In the study done by Meule et al. 14 , the authors aimed to apply YFAS and other questionnaires in a sample of 50 overweight and obese adolescents who were recruited from weight-loss treatment in a rehabilitation hospital in Germany. Patients were approached individually, and they were asked to answer a variety of questionnaire. The YFAS is composed of different scoring options to indicate the experience of addictive eating behavior within the past 12 months. Another measure was the Food Cravings Questionnaire (it measures the frequency and intensity of food craving experiences). An Eating Disorder Examination Questionnaire was also one of the measures that analyzed eating disorder psychopathology. The Barratt Impulsiveness Scale was a short form that was used to measure trait impulsivity on a four-point scale ranging from rarely/never to almost always/always. For the last measure, they used the Center for Epidemiologic Studies Depression Scale, which measures depressive symptoms within the past week.
Schulte et al. 2 utilized a cross-sectional design in order to identify which foods were most likely to be consumed in an addictive way. The authors conducted two studies:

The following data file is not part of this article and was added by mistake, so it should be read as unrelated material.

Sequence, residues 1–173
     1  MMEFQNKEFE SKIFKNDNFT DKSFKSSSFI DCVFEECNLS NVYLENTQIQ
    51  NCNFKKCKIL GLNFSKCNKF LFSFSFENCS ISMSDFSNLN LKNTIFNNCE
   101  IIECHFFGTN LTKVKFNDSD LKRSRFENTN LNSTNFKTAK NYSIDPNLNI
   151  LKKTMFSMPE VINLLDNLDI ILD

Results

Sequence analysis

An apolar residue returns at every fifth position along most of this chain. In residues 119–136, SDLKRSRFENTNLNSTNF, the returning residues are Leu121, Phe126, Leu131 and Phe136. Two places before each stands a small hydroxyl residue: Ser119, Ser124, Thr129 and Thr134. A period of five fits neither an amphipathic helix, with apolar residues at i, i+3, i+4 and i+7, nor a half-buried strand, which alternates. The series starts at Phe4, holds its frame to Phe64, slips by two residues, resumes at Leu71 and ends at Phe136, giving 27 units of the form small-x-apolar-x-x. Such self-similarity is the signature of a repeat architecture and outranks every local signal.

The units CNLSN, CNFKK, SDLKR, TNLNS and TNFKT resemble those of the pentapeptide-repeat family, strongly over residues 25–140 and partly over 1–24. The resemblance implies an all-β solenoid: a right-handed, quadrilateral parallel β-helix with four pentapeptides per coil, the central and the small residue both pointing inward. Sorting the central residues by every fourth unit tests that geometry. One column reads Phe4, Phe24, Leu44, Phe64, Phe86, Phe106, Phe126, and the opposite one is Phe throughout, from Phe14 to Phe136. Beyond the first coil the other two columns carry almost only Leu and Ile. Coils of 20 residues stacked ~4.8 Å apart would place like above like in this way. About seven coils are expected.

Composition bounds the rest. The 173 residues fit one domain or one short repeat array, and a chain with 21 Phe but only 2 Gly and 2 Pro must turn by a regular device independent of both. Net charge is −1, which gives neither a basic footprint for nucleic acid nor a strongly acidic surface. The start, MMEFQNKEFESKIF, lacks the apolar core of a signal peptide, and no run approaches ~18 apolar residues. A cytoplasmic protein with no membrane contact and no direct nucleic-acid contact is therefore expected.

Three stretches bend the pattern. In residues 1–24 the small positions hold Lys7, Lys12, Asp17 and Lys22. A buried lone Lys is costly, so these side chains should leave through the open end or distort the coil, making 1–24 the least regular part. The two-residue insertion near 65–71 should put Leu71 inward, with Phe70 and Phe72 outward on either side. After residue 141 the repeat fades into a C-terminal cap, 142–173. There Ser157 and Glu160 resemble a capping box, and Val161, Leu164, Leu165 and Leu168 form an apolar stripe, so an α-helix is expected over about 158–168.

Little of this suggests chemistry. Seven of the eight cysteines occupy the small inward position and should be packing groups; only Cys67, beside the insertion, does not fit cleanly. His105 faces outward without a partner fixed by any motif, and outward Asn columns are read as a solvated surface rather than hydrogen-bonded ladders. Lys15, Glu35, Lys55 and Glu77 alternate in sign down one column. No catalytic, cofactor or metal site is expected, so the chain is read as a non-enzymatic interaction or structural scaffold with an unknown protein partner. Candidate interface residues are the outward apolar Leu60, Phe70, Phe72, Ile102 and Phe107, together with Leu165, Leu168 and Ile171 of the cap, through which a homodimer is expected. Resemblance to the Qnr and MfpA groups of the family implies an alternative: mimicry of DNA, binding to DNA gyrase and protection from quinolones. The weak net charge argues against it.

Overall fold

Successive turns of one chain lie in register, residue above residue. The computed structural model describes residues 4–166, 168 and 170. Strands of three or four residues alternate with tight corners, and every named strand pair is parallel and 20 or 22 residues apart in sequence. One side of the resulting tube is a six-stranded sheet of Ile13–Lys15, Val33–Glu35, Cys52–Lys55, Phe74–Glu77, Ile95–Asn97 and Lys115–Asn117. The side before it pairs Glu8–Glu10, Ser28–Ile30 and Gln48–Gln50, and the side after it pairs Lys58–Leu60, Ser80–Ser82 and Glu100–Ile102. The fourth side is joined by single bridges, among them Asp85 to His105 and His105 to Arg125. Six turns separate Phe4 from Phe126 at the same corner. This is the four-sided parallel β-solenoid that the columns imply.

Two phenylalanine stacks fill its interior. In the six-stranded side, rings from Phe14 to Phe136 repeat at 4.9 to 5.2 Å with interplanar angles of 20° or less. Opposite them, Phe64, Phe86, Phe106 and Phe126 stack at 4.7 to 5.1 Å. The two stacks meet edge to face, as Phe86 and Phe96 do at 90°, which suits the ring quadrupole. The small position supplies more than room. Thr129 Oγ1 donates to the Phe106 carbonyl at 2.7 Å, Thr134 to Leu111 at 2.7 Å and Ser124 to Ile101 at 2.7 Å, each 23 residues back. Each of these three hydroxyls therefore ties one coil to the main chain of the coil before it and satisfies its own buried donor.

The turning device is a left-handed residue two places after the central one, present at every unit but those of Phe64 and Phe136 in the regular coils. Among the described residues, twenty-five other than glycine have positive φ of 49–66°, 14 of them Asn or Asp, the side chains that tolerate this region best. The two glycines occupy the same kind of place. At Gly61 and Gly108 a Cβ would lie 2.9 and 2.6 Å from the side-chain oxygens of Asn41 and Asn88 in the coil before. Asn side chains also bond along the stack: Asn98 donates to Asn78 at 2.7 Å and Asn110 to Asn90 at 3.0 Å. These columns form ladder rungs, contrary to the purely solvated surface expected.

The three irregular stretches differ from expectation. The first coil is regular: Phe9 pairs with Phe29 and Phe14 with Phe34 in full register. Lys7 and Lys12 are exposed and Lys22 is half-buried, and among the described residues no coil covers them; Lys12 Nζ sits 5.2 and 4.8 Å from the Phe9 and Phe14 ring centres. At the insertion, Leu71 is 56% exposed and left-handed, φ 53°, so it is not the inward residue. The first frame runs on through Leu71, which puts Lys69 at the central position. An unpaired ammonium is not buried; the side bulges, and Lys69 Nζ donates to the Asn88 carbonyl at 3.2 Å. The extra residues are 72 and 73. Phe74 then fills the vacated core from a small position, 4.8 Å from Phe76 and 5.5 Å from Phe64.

In study one, 120 participants were recruited from the University of Michigan either through flyers or through an introductory psychology subject pool. Participants were aged 18 to 23 years old. Participants had to complete YFAS questionnaires. To complete the questions, the participants were asked to think about foods high in fat or refined carbohydrates when they read the phrase “certain foods”, in the questions. Then the participants were presented with two pictures at once from a 35-picture bank, and they were asked to select which one they had trouble with. In the end, the participants reported demographic information and ethnicity, gender and weight, and height were taken.
In study 2: A total of 398 participants were selected through Amazon’s Mechanical Turk (MTurk). Each participant was compensated $ 0.40 for their time. The authors decided to follow a strict set of inclusion criteria; for instance, the weight had to be less than 900 lbs. , they had to be between 18 to 64 years old, they needed to provide their gender and answer correctly to specific catch questions that identified if the individuals were answering questions without correctly reading. Participants completed the same version of the YFAS. Then rather than comparing each food against another to identify the one that caused more trouble like in study one; participants were asked to rate how likely they were to experience problems with each of the 35 foods in the bank. Participants also reported demographic information, ethnicity, gender, as well as weight and height.